ATLANTA – For nearly all of Tiger Woods’ 20-minute press conference Wednesday morning at East Lake Golf Club, he sat very still. He folded his left arm across a table that separated him from reporters seated below, holding his right arm. The fingers of his right hand spread across the base of a microphone stand as he made eye contact with one media member after another.
A two-time winner of the Tour Championship, Woods is making his first appearance at the PGA Tour’s season-ending event since 2013. His goal is the same this week as it always has been, to win the tournament, and his game is good enough to do it.
But realistically, Tiger is not going to win his third FedEx Cup title this week. No. 20 on the FedEx Cup points list, Tiger tees off on Thursday with Tommy Fleetwood. To win the FedEx Cup he not only needs to win this week, but all of the players in the top 5 would also need to collapse.
Fielding one question after another, Tiger smiled occasionally and gave thoughtful answers. It was the Tiger Woods we have seen for most of 2018, not the man whose focus, mental toughness and game intimidated more than a few competitors and scribes alike. At times he appeared both reflective and grateful. At one point, he was downright somber.
Asked if he ever thinks about the last time he was involved in the Ryder Cup as a player, Woods recalled the events that took place in 2012 at Medinah in detail and how it felt to be on the course and lose.
“I had worked my way back against Francesco. I was 1 down with a few to go, and I turned the match and I was 1 up, and thought my match would be the deciding point,” Woods said, talking about his singles match against Francesco Molinari. “It was tough watching them celebrate in the 18th fairway when I thought we should have won that one. It was tough listening to (the European team’s) celebrations at the Belfry in ’02. I was on the 17th hole playing against Jesper (Parnevik), listening to them celebrate going up 18. To hear that sound and to not have the point count on Sunday is tough.”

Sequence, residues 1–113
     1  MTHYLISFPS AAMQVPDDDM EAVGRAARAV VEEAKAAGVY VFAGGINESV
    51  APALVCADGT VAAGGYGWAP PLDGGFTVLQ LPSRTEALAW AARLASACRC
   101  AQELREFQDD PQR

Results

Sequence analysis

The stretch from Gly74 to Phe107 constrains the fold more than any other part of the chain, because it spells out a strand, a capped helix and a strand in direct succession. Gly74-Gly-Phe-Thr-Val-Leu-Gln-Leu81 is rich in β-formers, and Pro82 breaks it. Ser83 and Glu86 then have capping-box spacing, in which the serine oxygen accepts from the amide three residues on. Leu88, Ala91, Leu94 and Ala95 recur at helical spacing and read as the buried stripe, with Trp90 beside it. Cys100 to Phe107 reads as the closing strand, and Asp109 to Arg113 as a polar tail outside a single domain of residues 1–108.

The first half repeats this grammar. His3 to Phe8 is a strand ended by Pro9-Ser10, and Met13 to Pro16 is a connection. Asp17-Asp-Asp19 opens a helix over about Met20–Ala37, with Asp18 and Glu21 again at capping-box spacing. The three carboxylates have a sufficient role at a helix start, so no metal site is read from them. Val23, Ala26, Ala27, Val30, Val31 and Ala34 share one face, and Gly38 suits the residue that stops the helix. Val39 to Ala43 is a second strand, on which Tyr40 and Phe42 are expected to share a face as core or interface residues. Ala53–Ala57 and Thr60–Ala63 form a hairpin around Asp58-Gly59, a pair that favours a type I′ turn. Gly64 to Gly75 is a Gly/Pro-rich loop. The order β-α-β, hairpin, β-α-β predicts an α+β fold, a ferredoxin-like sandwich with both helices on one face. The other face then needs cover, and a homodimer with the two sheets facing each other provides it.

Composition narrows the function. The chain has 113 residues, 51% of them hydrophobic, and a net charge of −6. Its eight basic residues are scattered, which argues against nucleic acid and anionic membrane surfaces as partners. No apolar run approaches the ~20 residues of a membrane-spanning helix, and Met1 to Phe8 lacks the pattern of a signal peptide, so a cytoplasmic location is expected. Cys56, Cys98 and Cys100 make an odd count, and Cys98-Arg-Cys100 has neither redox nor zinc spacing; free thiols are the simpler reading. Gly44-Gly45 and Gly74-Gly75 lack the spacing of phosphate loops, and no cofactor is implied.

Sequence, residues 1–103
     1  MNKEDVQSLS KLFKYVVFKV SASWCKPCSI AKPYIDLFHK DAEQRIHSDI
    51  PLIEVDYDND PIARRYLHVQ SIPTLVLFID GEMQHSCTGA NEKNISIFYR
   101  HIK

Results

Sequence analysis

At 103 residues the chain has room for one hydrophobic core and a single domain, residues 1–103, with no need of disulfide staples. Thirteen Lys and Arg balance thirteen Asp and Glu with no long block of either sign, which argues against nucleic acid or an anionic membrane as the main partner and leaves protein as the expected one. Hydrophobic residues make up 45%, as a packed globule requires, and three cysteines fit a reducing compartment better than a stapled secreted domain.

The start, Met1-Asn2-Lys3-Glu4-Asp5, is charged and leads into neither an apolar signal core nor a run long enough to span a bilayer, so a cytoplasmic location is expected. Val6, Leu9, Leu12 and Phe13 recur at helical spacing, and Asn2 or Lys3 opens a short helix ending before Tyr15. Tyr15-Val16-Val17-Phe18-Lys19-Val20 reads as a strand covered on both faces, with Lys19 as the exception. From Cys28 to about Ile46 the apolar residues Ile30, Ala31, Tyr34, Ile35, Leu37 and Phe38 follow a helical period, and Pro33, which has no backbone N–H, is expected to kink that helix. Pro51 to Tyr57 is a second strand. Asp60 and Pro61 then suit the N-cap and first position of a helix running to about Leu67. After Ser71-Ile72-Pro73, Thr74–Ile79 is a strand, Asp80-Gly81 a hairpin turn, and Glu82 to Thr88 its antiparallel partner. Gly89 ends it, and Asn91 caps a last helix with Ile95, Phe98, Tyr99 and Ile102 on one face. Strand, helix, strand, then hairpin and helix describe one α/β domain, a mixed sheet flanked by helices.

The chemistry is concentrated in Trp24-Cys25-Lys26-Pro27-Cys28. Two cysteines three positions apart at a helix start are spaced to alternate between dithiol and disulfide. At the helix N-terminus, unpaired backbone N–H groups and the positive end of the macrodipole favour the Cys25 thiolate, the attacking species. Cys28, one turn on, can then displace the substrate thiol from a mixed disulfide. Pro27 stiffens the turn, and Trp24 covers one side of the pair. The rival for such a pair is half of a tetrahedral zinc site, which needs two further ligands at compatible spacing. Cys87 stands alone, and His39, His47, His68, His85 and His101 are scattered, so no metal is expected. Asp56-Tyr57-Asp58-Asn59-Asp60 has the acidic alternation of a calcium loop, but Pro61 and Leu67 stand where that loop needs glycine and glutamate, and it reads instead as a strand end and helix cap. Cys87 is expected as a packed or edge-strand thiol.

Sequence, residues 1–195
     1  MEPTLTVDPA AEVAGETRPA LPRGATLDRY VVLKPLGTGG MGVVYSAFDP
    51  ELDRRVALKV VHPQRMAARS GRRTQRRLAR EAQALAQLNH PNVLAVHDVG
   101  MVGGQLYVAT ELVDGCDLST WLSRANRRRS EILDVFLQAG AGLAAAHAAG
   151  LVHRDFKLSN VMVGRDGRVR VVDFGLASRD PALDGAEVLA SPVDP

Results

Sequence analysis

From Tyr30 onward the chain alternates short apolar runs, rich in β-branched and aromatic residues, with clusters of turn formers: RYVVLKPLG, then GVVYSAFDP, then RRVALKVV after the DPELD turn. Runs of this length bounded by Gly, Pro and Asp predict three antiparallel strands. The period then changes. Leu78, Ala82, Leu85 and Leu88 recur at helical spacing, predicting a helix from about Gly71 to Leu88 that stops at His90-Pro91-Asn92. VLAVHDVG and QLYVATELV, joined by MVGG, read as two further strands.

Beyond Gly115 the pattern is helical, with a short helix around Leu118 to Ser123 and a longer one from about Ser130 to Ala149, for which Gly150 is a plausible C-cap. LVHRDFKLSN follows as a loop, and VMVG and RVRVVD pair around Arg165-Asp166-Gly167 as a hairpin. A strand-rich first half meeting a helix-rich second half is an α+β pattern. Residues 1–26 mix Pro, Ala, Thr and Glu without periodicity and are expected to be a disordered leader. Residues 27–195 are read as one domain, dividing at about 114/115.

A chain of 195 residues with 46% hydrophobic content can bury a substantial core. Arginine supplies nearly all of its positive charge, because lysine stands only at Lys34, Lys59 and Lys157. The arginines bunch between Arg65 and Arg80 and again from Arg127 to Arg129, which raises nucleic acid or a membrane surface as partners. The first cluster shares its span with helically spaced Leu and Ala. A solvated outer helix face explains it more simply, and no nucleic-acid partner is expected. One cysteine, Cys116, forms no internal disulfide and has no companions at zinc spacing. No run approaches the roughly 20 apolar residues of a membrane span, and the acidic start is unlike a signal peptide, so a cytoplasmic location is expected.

After missing nearly all of 2016 and 2017 due to his back injury, Woods said that 2018 has exceeded his expectations from a health standpoint. His performance inside the ropes has been better than he expected, too, but Woods knows he is not the same player who shot 64-63-64-66 here in 2007 to win by eight shots.
Football players who have knee injuries say they know they are completely healthy when they forget about their knee and start doing things instinctively again on the field. Woods seems to have accepted that he is never going to reach that level of recovery.
“There are certain shots I still think about it. More than anything, I just feel it,” Woods said. “I’ll never be as flexible as I used to be. I can’t. It’s not moving. And so there are things that I’m limited by. I get reminded every day when I wake up in the morning that this is not what it used to be. But it’s a hell of a lot better than it’s been the last few years.”
But that does not mean Tiger can’t compete at East Lake and win. He enters the Tour Championship ranked first in strokes gained approach the green, a testament to his outstanding iron play this year.
“In general, this golf course is a ballstriker’s course. I mean, you’ve got to hit your golf ball well,” Woods said. “You’ve got to drive it well, place your irons correctly.”
You also need to know where the tees are located, which Tiger did not before playing his practice round on Tuesday with Bryson DeChambeau, 24, and Tony Finau, who is 29.
Call it a senior moment, but Woods, 42, revealed that he thought the group was playing the back nine. In actuality, they were playing the front nine Tuesday afternoon because the nines were reversed for the Tour Championship starting in 2016.
There are two more events in 2018 that matter to Woods: this week’s Tour Championship and next week’s Ryder Cup. In a lot of ways, Woods will play them both with house money. Making it to East Lake and earning a captain’s pick onto the Ryder Cup team was a lot closer to dreams 10 months ago than expectations.
“When I was laying on the ground and couldn’t move for a number of months, golf is the furthest thing from my mind,” Woods said. “To have gone through that and have gotten to this point, it’s been fun.”